The following table provides a synthesis of the main physical specifications of the two cameras and other similar ones. If you want to switch the focus of the display and review another camera pair, just select a new right or left comparator from among the camera models in the table. Alternatively, you can also move across to the CAM-parator tool and choose from the broad selection of possible camera comparisons there.
|Sony A7»||5.0 in||3.7 in||1.9 in||16.7 oz||340||Y||Oct 2013||1,699||-||Sony A7|
|Nikon D800E«||5.7 in||4.8 in||3.2 in||35.3 oz||900||Y||Feb 2012||3,299||-||Nikon D800E|
|Nikon D850« »||5.7 in||4.9 in||3.1 in||35.5 oz||1840||Y||Jul 2017||3,299||Nikon D850|
|Nikon D810« »||5.7 in||4.8 in||3.2 in||34.6 oz||1200||Y||Jun 2014||3,299||-||Nikon D810|
|Nikon D610« »||5.6 in||4.4 in||3.2 in||30.0 oz||900||Y||Oct 2013||1,999||Nikon D610|
|Nikon D800« »||5.7 in||4.8 in||3.2 in||35.3 oz||900||Y||Feb 2012||2,999||-||Nikon D800|
|Nikon D700« »||5.8 in||4.8 in||3.0 in||37.9 oz||1000||Y||Jul 2008||2,999||-||Nikon D700|
|Panasonic GH4« »||5.2 in||3.7 in||3.3 in||19.8 oz||500||Y||Feb 2014||1,499||-||Panasonic GH4|
|Samsung NX1« »||5.5 in||4.0 in||2.6 in||19.4 oz||500||Y||Sep 2014||1,499||-||Samsung NX1|
|Sony A7 III« »||5.0 in||3.8 in||2.9 in||22.9 oz||610||Y||Feb 2018||1,999||Sony A7 III|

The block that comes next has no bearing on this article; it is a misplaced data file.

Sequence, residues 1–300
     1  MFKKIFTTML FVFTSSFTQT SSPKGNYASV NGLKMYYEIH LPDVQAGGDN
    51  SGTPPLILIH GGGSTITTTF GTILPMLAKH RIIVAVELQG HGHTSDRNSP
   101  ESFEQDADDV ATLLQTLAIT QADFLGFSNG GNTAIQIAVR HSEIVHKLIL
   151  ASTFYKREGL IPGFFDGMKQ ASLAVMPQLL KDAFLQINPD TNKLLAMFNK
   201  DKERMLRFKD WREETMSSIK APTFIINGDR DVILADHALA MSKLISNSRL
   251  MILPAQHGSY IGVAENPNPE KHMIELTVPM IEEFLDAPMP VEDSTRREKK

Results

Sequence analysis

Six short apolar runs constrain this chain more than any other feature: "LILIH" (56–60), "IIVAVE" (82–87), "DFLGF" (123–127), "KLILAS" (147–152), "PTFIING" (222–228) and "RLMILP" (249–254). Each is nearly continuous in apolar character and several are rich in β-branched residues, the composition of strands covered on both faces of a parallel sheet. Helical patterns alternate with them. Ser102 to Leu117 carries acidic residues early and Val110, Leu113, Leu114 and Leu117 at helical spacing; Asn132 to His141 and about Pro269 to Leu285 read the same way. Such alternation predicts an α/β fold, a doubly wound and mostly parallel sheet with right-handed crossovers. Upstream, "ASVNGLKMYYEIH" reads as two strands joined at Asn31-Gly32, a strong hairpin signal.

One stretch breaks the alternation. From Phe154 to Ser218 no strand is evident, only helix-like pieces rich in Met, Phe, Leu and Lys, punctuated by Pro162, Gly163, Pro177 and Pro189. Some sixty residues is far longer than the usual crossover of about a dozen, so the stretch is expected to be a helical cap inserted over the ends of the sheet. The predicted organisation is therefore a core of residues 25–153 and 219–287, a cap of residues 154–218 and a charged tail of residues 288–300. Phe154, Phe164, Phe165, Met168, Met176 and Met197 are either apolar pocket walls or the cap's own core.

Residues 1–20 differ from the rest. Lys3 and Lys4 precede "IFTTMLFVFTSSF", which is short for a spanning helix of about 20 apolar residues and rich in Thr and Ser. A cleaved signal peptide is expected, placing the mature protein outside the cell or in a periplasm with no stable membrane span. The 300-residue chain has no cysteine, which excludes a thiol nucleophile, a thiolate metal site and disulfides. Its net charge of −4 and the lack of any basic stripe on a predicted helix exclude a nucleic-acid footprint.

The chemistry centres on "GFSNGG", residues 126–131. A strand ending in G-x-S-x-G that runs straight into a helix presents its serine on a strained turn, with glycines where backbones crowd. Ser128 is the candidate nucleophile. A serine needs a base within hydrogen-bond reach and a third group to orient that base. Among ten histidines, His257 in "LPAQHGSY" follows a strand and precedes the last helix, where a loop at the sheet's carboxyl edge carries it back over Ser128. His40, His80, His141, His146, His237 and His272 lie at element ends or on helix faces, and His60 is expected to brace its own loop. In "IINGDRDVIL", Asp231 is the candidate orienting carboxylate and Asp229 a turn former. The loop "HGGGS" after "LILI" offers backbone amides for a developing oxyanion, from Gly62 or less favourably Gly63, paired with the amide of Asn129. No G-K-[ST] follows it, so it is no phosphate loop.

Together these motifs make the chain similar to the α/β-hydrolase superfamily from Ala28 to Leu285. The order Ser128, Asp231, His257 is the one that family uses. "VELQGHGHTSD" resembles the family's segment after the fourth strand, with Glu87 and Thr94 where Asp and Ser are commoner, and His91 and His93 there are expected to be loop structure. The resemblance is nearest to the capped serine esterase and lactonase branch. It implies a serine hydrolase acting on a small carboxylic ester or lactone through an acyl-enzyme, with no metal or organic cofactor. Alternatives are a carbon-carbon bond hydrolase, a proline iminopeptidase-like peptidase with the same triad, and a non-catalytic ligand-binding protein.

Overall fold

|Sony A6300« »||4.7 in||2.6 in||1.9 in||14.3 oz||400||Y||Feb 2016||999||-||Sony A6300|
|Sony A7 II« »||5.0 in||3.8 in||2.4 in||21.1 oz||350||Y||Nov 2014||1,999||-||Sony A7 II|
|Sony A7S« »||5.0 in||3.7 in||1.9 in||17.2 oz||380||Y||Apr 2014||2,499||-||Sony A7S|
|Sony A7R« »||5.0 in||3.7 in||1.9 in||16.4 oz||340||Y||Oct 2013||2,299||-||Sony A7R|
|Sony RX1R« »||4.4 in||2.6 in||2.8 in||17.0 oz||270||n||Jun 2013||2,799||-||Sony RX1R|
|Sony RX1« »||4.4 in||2.6 in||2.8 in||17.0 oz||270||n||Sep 2012||2,799||-||Sony RX1|
|Note: Measurements and pricing do not include easily detachable parts, such as interchangeable lenses or optional viewfinders.|
Any camera decision will naturally be influenced heavily by the price. The manufacturer’s suggested retail prices give an idea on the placement of the camera in the maker’s lineup and the broader market. The A7 was launched at a markedly lower price (by 48 percent) than the D800, which puts it into a different market segment. Usually, retail prices stay at first close to the launch price, but after several months, discounts become available. Later in the product cycle and, in particular, when the replacement model is about to appear, further discounting and stock clearance sales often push the camera price considerably down.
Sensor comparison: Sony A7 vs Nikon D800E
The size of the sensor inside a digital camera is one of the key determinants of image quality. A large sensor will generally have larger individual pixels that offer better low-light sensitivity, provide wider dynamic range, and have richer color-depth than smaller pixels in a sensor of the same technological generation. Further, a large sensor camera will give the photographer additional creative options when using shallow depth-of-field to isolate a subject from its background. On the downside, larger sensors are more costly to manufacture and tend to lead to bigger and heavier cameras and lenses.